3

This is a bit unclear to me... So, if I have a function:

char *test(int ran){
    char *ret = new char[ran];
    // process...
    return ret;
}

and then call it multiple times:

for(int i = 0; i < 100000000; i++){
   char *str = test(rand()%10000000+10000000);
   // process...

   // delete[] str; // do i have to delete it here?
}

So the question is, do I have to use delete[] for each new[] call?

1
  • This seems to be a common C++ issue. Generally, you'll want to call new and delete in the same class, if you're using one. Otherwise I'm interested to see what people say.
    – Xavier Ho
    Jun 3, 2010 at 12:38

3 Answers 3

5

You don't have to. But if you don't delete memory you reserved with 'new' you will start running out of memory eventually (memory leak).

1
  • Ah, yeah, that makes sense since my program seems to use more and more memory each time :D
    – Newbie
    Jun 3, 2010 at 12:44
5

Yes you do, otherwise you'll have a memory leak.

It's not the greatest idea to allocate in one function and free in another, though. Why not allocate in the for loop and pass the pointer to test -- this keeps the new and delete together in the code.

9
  • 3
    It's perfectly ok to do it, and quite common.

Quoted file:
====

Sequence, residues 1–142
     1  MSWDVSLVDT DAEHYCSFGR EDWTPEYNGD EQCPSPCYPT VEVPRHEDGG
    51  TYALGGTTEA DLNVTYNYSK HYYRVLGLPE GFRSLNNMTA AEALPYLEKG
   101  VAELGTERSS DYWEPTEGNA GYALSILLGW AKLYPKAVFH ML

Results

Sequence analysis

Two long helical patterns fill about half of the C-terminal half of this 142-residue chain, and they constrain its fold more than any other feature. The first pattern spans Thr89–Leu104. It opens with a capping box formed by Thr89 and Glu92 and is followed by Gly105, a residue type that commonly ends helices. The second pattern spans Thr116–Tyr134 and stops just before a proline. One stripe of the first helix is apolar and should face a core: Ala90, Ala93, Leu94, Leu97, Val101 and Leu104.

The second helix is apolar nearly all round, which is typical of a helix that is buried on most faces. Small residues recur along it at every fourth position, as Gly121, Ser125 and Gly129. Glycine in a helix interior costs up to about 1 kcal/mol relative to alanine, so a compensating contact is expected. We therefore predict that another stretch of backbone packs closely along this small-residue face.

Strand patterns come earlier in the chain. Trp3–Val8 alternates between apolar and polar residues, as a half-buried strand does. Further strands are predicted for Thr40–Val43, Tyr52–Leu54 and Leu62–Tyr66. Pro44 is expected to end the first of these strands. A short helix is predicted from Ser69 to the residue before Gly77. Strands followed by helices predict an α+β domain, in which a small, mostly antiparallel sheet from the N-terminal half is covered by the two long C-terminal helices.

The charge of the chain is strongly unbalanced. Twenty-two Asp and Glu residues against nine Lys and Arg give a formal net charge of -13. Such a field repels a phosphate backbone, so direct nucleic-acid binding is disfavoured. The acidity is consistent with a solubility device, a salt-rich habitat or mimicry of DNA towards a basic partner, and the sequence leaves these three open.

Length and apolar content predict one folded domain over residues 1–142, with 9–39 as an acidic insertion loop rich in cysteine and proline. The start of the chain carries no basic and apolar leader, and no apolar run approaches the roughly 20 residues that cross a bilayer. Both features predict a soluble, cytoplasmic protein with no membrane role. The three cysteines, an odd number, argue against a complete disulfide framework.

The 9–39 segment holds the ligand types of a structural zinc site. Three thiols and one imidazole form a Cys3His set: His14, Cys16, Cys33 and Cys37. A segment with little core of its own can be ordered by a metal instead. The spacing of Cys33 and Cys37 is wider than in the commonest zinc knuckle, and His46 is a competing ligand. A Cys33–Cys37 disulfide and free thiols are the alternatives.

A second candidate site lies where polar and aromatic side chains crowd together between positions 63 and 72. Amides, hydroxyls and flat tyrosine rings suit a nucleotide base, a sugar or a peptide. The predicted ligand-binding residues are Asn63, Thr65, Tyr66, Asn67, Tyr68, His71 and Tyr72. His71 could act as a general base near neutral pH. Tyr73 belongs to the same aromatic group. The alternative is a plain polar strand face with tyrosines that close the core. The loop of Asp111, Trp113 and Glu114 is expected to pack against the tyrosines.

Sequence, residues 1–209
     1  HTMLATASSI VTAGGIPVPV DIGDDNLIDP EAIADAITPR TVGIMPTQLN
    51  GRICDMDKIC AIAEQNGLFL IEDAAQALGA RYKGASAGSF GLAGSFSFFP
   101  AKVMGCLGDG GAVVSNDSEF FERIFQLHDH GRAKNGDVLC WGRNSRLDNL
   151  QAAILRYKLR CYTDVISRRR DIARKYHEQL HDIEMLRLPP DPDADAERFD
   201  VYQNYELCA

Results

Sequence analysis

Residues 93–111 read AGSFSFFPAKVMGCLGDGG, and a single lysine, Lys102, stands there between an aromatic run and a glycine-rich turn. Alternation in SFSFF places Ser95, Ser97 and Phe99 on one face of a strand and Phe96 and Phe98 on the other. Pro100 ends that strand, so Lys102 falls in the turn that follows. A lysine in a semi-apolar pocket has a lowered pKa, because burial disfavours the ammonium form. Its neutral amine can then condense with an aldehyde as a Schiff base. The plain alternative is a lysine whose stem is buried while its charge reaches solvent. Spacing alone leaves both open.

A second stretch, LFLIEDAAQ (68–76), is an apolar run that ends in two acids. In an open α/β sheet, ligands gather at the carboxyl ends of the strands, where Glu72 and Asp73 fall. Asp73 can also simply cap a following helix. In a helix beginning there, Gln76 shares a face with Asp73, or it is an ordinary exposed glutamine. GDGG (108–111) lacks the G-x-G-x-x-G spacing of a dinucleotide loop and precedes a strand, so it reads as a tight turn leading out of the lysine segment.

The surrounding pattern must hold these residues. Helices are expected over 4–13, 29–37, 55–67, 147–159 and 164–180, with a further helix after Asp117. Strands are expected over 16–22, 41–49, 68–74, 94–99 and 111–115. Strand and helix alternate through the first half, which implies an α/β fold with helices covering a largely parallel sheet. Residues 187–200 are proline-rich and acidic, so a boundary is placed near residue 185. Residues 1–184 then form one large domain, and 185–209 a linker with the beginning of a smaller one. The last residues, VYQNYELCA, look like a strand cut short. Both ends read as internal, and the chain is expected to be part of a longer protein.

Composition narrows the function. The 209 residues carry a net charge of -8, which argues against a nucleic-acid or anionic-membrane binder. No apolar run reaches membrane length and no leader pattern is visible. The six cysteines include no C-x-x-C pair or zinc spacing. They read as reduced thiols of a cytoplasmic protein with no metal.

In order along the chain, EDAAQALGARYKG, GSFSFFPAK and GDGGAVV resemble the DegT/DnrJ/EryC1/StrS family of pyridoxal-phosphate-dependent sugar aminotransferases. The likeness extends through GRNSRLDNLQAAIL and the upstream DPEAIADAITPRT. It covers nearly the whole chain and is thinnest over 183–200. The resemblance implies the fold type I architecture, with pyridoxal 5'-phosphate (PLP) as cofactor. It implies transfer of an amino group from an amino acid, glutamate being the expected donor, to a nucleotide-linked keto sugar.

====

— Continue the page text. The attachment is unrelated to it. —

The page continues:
– anon
    Jun 3, 2010 at 12:39
  • crap. this'll take a while to fix :D
    – Newbie
    Jun 3, 2010 at 12:43
  • @Newbie: I hope you are not actually such big memory allocations in your real code. It will surely throw a std::bad_alloc exception indicating memory allocation failure otherwise.
    – Naveen
    Jun 3, 2010 at 12:46
  • Nope, that was just example, is there some certain limit on new[] memory allocation size...? in my example it made max 20megs...
    – Newbie
    Jun 3, 2010 at 12:52
  • 3
    @Neil many things are perfectly OK, but still aren't a good idea. :) Jun 3, 2010 at 12:57
3

The answer was already given, but as you tagged the question as C++, and not as C, this is how you probably want to do it in C++ (of course, there might be other reasons not to, but there is little chance).

vector<char> (int ran){
    vector<char> ret(char);
    // process...
    return ret;
}

And to call it:

for(int i = 0; i < 100000000; i++){
   vector<char> str = test(rand()%10000000+10000000);
   // process...
}

No new, thus no delete thus no memory leak.

Actually, you also probably want to use std::string instead of char* (I used vector to give a more general example).

Don't worry of data that will be copied. The compiler will optimize it out. Edit : ok, it might not optimize it out :) however there are big chances it will. And as long there is no performance issues, go for the simplest version.

1
  • Well, it's not much more a lie than saying "it will copy the vector and result in a performance loss". But I edited it still :) Jun 3, 2010 at 12:59

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